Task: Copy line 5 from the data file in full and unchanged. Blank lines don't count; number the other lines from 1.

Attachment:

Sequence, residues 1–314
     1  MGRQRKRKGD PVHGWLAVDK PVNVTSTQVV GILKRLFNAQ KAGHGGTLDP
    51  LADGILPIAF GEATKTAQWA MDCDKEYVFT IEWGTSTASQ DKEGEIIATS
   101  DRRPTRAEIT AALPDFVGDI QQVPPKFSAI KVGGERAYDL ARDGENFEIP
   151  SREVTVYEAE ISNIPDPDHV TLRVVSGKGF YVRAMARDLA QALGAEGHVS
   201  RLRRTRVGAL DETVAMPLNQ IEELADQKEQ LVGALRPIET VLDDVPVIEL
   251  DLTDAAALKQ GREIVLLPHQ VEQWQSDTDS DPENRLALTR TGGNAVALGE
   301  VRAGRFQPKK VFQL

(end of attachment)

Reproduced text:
   151  SREVTVYEAE ISNIPDPDHV TLRVVSGKGF YVRAMARDLA QALGAEGHVS